The trick is to cross the road at a slow pace all the way and hold your arm out to let the drivers know you are crossing. This will give them time to spot you and go around you.

8. Check your travel vaccinations

 Before travelling to Vietnam, make sure you check with your doctor the necessary vaccinations required.

The recommended ones for Vietnam is:

  • Hepatitis A – due to the possibilities of contaminated food and water in Vietnam.
  • Typhoid – also due to the possibilities of contaminated food and water but more importantly if you’re visiting the smaller towns or rural areas.

9. And the price is…whatever you choose to pay for it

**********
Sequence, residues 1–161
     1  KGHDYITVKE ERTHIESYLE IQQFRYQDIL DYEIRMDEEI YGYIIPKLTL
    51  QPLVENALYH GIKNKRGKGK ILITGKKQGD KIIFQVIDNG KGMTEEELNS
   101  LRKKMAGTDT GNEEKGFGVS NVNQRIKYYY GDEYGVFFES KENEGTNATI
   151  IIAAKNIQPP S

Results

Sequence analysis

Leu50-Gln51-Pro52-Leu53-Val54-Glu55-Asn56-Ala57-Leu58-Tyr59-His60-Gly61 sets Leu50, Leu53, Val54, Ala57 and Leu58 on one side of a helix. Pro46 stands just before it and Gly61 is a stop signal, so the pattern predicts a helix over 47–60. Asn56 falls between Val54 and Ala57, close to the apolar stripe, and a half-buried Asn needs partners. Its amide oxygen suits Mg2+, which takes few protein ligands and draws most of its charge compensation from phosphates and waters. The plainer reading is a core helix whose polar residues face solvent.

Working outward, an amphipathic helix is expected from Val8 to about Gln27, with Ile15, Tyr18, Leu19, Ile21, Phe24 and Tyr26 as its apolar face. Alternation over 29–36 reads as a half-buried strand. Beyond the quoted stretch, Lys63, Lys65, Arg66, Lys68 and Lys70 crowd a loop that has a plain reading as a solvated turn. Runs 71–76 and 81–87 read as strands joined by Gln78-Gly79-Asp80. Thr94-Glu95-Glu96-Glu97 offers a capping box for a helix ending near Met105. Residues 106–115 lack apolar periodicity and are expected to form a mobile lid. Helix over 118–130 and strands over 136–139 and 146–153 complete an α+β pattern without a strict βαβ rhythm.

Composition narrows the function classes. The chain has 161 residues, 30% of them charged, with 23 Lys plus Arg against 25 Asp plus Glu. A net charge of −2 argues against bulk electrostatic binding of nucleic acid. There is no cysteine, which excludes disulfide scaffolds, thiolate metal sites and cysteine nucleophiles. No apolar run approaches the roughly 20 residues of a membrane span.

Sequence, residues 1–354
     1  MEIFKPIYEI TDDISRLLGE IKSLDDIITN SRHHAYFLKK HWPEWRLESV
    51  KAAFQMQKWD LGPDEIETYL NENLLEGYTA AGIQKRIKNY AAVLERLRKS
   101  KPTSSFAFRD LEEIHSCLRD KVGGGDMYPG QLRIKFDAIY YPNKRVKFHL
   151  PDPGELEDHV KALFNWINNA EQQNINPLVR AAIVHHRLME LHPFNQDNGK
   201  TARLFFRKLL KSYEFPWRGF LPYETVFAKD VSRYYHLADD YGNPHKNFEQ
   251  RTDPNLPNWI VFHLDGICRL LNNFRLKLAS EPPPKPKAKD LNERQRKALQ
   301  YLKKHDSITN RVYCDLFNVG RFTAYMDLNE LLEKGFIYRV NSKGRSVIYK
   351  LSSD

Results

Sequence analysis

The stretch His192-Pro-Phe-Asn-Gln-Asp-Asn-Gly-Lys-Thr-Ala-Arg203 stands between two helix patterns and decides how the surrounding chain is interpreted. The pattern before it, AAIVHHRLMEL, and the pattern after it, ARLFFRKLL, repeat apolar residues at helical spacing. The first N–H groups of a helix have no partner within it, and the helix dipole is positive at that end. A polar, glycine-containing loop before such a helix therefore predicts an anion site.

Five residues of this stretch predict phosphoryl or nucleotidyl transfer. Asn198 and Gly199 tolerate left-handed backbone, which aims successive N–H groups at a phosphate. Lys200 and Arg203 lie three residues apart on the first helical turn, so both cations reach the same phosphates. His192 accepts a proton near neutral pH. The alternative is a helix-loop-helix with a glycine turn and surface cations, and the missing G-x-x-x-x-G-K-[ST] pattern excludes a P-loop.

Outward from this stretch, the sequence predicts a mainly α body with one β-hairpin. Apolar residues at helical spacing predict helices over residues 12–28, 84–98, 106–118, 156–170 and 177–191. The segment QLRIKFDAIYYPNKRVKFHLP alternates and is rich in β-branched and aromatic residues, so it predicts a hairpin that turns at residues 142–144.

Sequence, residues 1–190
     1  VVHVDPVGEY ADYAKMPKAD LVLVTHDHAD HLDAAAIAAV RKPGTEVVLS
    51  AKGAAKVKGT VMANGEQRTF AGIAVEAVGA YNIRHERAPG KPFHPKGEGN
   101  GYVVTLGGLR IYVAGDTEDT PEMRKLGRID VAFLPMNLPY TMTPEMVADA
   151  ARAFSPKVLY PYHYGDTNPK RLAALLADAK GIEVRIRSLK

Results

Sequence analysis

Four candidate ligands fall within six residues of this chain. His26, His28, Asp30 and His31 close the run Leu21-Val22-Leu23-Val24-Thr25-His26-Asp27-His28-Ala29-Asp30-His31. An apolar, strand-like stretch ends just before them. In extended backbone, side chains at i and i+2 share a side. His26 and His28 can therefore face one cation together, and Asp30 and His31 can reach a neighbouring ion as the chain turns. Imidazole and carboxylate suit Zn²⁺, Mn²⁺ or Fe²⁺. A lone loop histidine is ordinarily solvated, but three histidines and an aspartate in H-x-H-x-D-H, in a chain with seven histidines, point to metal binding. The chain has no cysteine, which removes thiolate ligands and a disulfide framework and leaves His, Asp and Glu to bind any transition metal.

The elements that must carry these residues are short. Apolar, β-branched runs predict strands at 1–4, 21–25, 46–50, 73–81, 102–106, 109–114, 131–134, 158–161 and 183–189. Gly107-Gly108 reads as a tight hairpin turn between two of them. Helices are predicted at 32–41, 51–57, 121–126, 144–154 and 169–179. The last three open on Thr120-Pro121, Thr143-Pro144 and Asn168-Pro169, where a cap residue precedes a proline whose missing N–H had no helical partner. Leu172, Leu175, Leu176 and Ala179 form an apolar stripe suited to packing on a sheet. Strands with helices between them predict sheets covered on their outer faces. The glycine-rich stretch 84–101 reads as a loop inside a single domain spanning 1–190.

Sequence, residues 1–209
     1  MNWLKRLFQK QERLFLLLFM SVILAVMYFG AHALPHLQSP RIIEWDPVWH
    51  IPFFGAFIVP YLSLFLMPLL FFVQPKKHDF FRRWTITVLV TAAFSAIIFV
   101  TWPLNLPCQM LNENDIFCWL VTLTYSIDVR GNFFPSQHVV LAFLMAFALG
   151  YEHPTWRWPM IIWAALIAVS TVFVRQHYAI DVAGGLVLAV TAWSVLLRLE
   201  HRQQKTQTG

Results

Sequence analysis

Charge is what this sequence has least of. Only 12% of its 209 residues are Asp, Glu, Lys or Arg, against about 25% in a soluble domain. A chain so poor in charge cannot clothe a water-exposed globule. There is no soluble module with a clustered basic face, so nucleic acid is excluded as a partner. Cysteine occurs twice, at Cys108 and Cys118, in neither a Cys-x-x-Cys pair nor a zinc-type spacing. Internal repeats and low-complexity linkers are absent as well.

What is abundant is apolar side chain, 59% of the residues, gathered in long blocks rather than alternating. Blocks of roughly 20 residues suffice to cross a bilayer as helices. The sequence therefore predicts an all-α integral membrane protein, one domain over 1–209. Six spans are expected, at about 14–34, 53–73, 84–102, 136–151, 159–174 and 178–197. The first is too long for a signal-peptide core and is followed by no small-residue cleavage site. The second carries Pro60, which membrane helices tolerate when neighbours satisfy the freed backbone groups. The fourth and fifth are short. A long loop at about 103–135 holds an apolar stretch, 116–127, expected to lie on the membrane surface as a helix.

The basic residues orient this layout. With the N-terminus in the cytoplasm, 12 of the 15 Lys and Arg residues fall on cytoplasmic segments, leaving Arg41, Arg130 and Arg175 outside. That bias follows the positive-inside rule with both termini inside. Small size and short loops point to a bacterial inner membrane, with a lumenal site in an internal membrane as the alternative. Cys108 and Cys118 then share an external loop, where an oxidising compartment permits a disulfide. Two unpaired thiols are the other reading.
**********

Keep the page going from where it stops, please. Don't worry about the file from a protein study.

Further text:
I know this sounds a little ridiculous but it’s normal for Vietnam to overcharge or inflate the prices to get more money out of you. That’s why it may be a good idea to brush up on your haggling skills before you go. What may seem rude in the westernised culture, negotiating in Vietnam is expected and an everyday norm. Try to haggle the best price possible for your goods so you don’t risk overpaying what the item is really worth.

10. Taxi scams are common

In Vietnam, you’ll come across many taxi companies, some of which are unauthorised taxis that will drive through the city to scam travellers by quoting a fare then demand more once you’ve reached the destination. Or the meter will ‘magically’ jump up a couple of times during the journey so you are charged drastically more for the ride. The best way to avoid this type of taxi scams is to use reputable taxi companies such as Mai Linh and Vinasun. Also, note that some operators try and replicate the MaiLinh and Vinasun branding as another way of scamming so look out for logos that are spelt incorrectly.